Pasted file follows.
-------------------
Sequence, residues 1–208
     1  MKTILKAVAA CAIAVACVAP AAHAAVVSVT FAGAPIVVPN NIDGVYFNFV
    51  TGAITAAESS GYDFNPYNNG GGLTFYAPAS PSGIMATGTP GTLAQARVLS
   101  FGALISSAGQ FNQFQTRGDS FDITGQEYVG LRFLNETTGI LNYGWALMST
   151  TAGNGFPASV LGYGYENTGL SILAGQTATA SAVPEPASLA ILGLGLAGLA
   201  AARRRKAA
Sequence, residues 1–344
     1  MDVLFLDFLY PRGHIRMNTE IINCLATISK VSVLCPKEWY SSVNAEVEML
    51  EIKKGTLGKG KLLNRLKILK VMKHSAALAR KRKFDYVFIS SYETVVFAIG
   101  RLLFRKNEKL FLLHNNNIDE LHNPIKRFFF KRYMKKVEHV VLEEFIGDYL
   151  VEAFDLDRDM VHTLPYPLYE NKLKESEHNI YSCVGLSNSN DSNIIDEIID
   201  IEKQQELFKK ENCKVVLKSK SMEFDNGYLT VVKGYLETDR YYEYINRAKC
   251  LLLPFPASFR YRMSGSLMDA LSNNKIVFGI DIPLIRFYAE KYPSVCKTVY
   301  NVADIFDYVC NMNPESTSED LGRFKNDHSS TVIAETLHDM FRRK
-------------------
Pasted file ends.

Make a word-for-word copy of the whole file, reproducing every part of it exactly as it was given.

Sequence, residues 1–208
     1  MKTILKAVAA CAIAVACVAP AAHAAVVSVT FAGAPIVVPN NIDGVYFNFV
    51  TGAITAAESS GYDFNPYNNG GGLTFYAPAS PSGIMATGTP GTLAQARVLS
   101  FGALISSAGQ FNQFQTRGDS FDITGQEYVG LRFLNETTGI LNYGWALMST
   151  TAGNGFPASV LGYGYENTGL SILAGQTATA SAVPEPASLA ILGLGLAGLA
   201  AARRRKAA
Sequence, residues 1–344
     1  MDVLFLDFLY PRGHIRMNTE IINCLATISK VSVLCPKEWY SSVNAEVEML
    51  EIKKGTLGKG KLLNRLKILK VMKHSAALAR KRKFDYVFIS SYETVVFAIG
   101  RLLFRKNEKL FLLHNNNIDE LHNPIKRFFF KRYMKKVEHV VLEEFIGDYL
   151  VEAFDLDRDM VHTLPYPLYE NKLKESEHNI YSCVGLSNSN DSNIIDEIID
   201  IEKQQELFKK ENCKVVLKSK SMEFDNGYLT VVKGYLETDR YYEYINRAKC
   251  LLLPFPASFR YRMSGSLMDA LSNNKIVFGI DIPLIRFYAE KYPSVCKTVY
   301  NVADIFDYVC NMNPESTSED LGRFKNDHSS TVIAETLHDM FRRK